https://www.newshub.co.nz/home/world/2020/09/tracking-well-data-expert-predicts-donald-trump-will-win-us-election.html

            Then there’s this sort of prediction (a bit like a Winston prediction:

            Mr Trump has largely dismissed polling that does not show him winning, and has claimed that he is ahead “in every poll that matters.”

            In a tweet earlier this year, Mr Trump told Fox News – long considered a safe harbour for right-wing ideas and politicians – to fire their “Fake Pollster” because he had never had a good Fox Poll.” In the tweet, he shared an image from 2016 of a Fox News chyron reporting that Ms Clinton was leading Mr Trump.

            https://www.independent.co.uk/news/world/americas/us-election/donald-trump-joe-biden-polls-2020-election-b1015005.html

            Reply
      • Fox News: New polls in key battlegrounds raise concerns for Trump

        Vice President Mike Pence says that the “road to victory runs right through” Michigan.

        But as Pence arrived in Michigan, a new public opinion poll released by EPIC/MRA indicated Democratic presidential nominee Joe Biden leading Trump 48%-39% among likely voters. The survey, conducted Oct. 8-12, is pretty much in line with other polls conducted in October, which put Biden’s lead in Michigan in the 6-10 point range.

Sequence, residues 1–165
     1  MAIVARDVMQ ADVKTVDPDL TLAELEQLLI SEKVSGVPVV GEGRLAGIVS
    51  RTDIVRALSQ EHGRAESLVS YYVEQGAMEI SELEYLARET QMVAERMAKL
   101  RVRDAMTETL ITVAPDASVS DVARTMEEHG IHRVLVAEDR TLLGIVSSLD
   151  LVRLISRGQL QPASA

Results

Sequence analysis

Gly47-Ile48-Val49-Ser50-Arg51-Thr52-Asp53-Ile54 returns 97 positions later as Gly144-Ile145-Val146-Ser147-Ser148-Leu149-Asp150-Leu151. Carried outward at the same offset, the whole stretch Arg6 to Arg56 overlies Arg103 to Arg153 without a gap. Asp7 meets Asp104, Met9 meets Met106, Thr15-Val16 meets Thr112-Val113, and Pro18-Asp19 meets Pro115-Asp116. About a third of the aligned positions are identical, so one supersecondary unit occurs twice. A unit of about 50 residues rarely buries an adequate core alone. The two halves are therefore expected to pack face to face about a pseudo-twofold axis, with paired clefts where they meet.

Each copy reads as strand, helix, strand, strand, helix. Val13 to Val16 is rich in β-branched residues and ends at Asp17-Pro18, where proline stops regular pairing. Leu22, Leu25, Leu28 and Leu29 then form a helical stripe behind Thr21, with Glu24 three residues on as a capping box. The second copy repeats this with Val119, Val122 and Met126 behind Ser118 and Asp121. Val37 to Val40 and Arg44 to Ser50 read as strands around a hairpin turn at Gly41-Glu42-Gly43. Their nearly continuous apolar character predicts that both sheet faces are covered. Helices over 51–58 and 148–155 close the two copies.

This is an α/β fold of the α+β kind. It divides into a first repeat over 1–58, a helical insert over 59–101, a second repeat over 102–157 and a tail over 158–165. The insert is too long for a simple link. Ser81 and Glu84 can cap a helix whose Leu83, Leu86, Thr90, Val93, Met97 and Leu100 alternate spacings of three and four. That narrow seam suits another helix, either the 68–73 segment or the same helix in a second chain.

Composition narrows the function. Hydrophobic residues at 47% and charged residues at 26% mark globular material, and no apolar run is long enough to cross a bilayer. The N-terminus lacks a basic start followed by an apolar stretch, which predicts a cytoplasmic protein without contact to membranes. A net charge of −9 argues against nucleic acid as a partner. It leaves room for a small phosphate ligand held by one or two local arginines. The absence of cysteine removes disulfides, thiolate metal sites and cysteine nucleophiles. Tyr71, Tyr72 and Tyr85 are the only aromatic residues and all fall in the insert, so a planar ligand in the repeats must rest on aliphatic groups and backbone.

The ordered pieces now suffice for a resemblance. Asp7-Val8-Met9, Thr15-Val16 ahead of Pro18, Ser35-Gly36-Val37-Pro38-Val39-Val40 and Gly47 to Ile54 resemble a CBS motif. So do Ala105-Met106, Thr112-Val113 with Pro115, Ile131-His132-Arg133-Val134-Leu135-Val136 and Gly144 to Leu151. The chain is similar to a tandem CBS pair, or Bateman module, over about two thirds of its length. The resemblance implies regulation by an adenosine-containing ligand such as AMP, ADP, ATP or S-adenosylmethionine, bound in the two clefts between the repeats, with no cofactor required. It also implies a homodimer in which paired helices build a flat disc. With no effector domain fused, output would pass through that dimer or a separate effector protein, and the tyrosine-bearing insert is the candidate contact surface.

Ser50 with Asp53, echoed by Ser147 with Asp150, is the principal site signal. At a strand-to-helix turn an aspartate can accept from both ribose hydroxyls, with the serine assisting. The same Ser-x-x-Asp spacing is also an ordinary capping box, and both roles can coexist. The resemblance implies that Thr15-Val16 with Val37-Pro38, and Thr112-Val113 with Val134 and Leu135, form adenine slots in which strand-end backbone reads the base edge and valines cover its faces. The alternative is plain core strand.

Four years ago, an average of the polls on the eve of the election indicated Clinton with a 3.6 point edge. But Trump ended up carrying the state – and its 16 electoral votes – by just three-tenths of 1%.

        https://www.foxnews.com/politics/new-polls-in-key-battlegrounds-raise-concerns-for-trump

        There’s nearly 3 weeks until election day (although some states have already started voting) and things could change, but remember that late intervention by James Comey is likely to have a significant impact on the 2016 election:
        https://fivethirtyeight.com/features/the-comey-letter-probably-cost-clinton-the-election/

        It’s possible but unlikely to happen like this again.

        Reply
      • Patzcuaro

         /  15th October 2020

        Not what you would call an in depth look at the election, more the pundits good it wrong last time and might again. Trump’s problem he is running on his record this time and there is no Hilary Clinton to lock up.
        Also Trump appears to think he can win by turning out his base again but by appealing to them he is turning off suburban women, moderate Republicans and now seniors.
        The polls were relatively accurate in 2016 but Trump managed to win enough electoral college votes to win while losing the popular vote. Can he do it again while losing the popular vote by a bigger margin?

        Reply
  3. Blazer

     /  15th October 2020